Unwinding the Mystery Ball
by Donna Rhodes
We enjoy historical accounts of the activities, construction, and commerce on the Plateau over the decades, but what were Highlands’ youngsters doing while adults were building roads, launching businesses, and saving the forests?
In his “Heart of the Blue Ridge,” Ran Shaffner shares a kid story passed along by his wife, Margaret.
Ran writes, “Children in Highlands found a number of stores that catered to them as much as to adults. The Country Mouse Gift Shop opened in 1947 on Lake Sequoyah, and Mrs. W.E. McGuire from Clemson had surprise gift balls for the children.”
Margaret remembers the balls being made from brightly colored crepe paper strips. At the very center was a prize whistle or tiny treasure… a reward that was better than Cracker Jacks toys but far from a Daisy Red Ryder. The payoff toy was wrapped snugly with the paper. Then miniatures and trinkets like gumball machine charms (probably made in Japan and worth a mint today) would be placed in the wrapping and wound into the ball. Layers of paper and surprises continued to be wound until the ball was nearly baseball-size. The last strip would be secured with a picture of a clown or ballerina. Think of it as a grab bag in a paper ball form.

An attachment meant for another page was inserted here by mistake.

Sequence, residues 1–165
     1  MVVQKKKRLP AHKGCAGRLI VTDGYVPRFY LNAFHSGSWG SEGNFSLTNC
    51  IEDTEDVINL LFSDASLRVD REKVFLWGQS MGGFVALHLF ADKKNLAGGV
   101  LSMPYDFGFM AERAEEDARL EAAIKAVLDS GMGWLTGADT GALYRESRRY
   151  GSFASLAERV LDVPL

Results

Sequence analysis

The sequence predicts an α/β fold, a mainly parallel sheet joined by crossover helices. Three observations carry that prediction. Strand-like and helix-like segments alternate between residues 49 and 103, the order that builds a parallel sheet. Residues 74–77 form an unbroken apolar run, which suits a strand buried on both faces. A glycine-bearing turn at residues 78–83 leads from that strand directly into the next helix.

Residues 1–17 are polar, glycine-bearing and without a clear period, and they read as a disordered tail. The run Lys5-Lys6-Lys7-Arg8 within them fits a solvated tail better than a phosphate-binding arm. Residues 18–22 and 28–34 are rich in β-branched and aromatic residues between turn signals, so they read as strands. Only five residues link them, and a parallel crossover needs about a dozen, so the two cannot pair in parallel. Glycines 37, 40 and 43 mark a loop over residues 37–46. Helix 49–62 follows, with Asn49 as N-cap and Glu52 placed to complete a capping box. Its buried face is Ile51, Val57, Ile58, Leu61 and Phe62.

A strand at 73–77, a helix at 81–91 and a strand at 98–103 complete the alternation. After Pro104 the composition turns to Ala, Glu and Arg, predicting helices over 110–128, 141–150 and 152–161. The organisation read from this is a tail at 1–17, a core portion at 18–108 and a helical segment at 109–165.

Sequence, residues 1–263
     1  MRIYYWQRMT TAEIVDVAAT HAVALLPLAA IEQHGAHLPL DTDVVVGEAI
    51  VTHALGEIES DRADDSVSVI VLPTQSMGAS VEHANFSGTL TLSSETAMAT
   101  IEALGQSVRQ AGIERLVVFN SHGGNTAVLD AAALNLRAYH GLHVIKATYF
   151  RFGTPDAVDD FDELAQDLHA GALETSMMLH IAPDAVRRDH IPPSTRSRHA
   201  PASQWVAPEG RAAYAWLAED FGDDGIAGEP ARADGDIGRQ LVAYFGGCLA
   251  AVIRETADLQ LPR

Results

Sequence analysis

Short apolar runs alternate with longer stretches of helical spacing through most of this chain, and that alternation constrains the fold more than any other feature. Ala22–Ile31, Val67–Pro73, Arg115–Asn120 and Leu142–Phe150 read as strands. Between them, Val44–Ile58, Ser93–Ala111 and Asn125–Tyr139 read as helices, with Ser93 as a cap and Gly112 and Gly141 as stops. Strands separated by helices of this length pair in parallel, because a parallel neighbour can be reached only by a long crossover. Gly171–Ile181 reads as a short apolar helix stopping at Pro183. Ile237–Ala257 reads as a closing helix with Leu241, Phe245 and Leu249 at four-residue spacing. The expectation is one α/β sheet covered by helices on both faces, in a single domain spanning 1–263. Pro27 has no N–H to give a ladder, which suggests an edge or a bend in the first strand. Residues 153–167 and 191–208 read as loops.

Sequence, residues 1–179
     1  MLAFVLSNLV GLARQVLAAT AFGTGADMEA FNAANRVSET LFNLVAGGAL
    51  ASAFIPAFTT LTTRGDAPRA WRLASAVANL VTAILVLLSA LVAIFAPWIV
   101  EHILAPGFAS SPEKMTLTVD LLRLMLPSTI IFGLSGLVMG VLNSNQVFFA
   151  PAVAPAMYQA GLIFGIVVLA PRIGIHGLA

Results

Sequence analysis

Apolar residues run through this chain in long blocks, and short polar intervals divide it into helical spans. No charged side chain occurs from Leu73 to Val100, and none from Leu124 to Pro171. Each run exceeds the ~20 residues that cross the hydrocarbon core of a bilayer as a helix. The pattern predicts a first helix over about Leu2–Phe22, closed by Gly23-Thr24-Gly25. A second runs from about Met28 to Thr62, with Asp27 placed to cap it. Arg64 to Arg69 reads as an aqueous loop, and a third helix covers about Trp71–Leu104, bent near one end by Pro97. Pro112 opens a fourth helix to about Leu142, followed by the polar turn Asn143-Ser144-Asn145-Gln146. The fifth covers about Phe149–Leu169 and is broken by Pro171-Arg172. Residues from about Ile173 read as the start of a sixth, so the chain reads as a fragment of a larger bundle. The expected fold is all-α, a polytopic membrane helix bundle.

As the ball was unwound, toys fell out to the children’s delight, and the guessing continued until the last strand of paper revealed the reward for their patience. I fear that today’s kids would settle for nothing less than a phone app or a Minecraft set, but this was a simpler time.
Enjoy more stories about Highlands’ residents of all ages by reading Ran’s detailed accounts in his book, available at the Hudson Library and Albert Carlton-Cashiers Community Library. It can also be purchased online. Or visit the Highlands Historical Society’s website, highlandshistory.com and see what kind of history ball you can unravel.